“Ports stand a better chance to do good and sustainable business when they develop facilities ahead of demand and in anticipation of business opportunities,” says Catherine Mturi-Wairi, managing director of Kenya Ports Authority (KPA), a State-owned port operator in Eastern Africa’s largest economy, Kenya. see map above: (1)
Djibouti, (2) Kenya and Tanzania (3) top the list of countries that have launched major port expansion strategies in the Indian Ocean coastline and linking them to modern rail and road network systems for easy transportation of goods and services to and from the region.
The International Monetary Fund (IMF) says Djibouti “is expanding its transportation and utilities infrastructure to leverage its strategic location as transshipment hubs and host to military bases.”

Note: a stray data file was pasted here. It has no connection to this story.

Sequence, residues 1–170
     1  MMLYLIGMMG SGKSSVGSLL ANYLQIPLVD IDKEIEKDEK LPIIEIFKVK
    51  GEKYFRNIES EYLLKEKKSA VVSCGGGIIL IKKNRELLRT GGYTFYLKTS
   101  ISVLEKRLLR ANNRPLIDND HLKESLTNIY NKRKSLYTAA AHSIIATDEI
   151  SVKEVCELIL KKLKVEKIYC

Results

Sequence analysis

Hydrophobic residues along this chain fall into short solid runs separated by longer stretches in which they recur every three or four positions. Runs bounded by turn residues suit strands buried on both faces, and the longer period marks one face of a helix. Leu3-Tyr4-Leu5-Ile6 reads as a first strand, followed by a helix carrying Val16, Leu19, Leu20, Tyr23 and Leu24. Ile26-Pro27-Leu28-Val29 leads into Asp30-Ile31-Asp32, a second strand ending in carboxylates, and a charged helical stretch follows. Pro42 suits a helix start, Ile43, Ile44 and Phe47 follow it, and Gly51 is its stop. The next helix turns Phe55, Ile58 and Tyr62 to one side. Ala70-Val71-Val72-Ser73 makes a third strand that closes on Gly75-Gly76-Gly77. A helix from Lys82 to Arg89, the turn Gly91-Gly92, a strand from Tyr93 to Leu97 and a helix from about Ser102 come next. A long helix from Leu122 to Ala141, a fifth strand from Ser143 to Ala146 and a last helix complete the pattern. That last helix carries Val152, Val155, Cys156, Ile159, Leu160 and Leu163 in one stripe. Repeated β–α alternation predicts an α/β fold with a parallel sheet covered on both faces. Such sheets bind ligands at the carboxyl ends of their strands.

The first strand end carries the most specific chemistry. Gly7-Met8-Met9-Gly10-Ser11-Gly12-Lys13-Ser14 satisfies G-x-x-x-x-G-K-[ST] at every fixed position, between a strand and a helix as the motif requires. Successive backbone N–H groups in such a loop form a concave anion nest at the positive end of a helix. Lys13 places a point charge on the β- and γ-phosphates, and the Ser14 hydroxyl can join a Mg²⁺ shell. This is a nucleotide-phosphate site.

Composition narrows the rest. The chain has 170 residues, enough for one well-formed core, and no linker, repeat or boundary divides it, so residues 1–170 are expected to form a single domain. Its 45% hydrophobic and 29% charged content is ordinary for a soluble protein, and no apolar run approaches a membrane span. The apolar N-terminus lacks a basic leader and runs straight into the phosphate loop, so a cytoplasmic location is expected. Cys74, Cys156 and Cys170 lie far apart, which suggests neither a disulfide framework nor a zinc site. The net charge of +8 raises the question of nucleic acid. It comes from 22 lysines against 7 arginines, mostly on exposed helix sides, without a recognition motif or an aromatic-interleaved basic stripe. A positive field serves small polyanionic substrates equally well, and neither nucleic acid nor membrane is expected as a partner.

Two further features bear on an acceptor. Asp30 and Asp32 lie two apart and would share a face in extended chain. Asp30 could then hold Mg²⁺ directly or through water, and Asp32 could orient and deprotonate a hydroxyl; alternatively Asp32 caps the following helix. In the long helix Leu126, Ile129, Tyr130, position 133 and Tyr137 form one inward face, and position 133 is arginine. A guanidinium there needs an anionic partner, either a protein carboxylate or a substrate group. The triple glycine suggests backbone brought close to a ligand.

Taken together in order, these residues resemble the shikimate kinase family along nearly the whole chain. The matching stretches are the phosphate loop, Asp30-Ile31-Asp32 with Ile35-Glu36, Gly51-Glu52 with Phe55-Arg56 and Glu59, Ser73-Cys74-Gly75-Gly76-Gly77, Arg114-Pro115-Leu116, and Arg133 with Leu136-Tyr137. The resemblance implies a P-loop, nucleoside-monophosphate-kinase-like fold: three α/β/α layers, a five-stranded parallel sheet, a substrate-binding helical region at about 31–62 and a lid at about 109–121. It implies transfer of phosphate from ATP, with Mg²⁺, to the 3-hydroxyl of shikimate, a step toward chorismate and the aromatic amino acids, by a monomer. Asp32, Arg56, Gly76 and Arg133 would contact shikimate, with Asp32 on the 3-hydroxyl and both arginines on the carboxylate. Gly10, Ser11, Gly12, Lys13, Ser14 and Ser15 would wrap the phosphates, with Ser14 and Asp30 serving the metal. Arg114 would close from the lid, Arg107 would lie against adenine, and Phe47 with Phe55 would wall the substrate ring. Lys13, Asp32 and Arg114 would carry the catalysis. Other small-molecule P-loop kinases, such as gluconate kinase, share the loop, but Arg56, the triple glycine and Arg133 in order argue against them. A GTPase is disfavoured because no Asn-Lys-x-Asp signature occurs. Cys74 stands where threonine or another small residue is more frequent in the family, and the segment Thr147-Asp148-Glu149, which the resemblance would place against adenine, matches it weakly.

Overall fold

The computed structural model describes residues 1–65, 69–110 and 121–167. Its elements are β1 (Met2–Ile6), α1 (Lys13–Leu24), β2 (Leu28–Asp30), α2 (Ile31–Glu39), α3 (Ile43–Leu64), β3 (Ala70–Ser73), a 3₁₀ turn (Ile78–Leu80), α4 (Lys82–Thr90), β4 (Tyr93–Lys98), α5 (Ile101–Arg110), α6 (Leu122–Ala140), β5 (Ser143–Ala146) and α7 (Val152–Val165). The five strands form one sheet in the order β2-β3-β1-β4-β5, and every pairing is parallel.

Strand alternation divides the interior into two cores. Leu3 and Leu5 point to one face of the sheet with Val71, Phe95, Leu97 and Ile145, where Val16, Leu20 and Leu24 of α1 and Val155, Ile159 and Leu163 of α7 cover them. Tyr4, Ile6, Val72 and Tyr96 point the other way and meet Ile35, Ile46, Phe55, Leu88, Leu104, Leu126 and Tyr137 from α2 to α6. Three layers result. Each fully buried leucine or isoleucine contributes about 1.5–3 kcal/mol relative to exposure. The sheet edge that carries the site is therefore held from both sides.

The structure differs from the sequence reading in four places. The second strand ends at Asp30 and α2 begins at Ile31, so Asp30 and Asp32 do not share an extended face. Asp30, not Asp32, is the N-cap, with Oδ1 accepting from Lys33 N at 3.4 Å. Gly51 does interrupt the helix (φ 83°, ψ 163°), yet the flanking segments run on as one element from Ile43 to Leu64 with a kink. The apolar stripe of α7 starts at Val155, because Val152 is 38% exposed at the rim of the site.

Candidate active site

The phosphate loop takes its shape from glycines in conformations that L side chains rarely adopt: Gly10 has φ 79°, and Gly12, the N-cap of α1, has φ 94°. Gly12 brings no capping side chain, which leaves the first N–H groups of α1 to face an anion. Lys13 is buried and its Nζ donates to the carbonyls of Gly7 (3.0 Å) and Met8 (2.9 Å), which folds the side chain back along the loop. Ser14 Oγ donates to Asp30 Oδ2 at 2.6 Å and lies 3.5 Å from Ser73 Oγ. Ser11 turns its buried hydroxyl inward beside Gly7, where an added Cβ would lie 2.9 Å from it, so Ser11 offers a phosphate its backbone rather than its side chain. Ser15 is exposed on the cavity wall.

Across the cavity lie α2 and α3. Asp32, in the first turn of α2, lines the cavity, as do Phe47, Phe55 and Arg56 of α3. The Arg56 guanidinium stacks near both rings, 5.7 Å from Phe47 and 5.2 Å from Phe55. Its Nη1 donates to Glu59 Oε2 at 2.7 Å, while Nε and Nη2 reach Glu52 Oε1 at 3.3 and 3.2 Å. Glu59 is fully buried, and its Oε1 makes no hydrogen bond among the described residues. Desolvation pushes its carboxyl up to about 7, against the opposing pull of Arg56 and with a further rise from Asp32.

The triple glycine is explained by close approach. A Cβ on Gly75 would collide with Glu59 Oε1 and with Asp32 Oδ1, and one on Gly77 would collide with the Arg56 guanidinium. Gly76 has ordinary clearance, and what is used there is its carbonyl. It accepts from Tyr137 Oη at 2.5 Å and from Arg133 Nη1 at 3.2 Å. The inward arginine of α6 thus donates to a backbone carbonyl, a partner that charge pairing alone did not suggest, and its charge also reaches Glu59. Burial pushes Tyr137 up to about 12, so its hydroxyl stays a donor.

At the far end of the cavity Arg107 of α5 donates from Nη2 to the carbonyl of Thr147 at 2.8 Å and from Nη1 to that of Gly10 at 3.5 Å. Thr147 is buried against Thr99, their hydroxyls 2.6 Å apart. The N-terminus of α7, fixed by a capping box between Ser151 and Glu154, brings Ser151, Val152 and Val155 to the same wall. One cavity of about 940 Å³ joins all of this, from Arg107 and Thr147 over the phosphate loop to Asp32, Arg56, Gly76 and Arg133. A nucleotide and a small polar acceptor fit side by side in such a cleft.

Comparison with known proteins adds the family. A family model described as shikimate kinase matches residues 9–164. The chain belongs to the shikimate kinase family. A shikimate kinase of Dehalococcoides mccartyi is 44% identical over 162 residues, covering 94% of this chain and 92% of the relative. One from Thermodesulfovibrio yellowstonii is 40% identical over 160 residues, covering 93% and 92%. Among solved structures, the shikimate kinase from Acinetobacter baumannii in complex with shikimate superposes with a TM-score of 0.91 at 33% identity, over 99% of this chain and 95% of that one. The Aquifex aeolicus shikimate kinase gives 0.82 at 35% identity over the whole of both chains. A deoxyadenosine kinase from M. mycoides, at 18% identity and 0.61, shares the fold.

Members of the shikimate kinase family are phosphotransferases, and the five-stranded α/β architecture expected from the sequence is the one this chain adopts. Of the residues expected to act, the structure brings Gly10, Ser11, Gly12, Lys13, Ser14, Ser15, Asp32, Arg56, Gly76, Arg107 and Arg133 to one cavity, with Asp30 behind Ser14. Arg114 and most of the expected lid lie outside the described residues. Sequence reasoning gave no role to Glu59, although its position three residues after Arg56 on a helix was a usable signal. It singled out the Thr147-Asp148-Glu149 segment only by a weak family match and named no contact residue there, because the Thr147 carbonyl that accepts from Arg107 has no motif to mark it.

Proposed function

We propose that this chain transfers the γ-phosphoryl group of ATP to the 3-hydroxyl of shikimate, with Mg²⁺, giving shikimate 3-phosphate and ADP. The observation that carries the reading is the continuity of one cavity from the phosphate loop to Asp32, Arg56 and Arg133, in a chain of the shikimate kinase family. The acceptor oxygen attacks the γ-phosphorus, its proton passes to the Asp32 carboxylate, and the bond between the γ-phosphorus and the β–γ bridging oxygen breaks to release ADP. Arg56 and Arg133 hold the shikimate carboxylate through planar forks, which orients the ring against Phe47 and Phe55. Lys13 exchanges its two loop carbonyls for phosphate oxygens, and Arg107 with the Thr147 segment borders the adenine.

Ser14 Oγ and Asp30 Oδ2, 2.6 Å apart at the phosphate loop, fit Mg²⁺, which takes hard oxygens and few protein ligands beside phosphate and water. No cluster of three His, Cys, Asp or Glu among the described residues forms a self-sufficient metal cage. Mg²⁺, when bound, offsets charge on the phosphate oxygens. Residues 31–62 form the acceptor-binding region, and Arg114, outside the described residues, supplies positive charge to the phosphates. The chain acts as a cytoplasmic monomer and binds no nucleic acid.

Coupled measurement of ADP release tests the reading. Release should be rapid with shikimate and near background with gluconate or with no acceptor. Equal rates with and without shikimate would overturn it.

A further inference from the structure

“Djibouti’s recent investment boom in infrastructure has the potential to transform the economy into a regional hub for East Africa, creating more jobs and helping the country return to a sustainable level of debt,” says IMF in its 2017 Economic Outlook for Djibouti.
Djibouti, a key gateway to Suez Canal (4) and currently enjoying the advantage of being in a geostrategic position of a shipping lane with convenient ease of access to several global markets, is currently implementing a $14 billion port and terminal expansion program, targeting its five ports, largely financed by China under the national economic blueprint Vision Djibouti 2035.
Investment in maritime projects is partly meant to take advantage of its neighbor Ethiopia (5) being landlocked and also the congestion in nearby ports such as Mombasa and Dar es Salaam.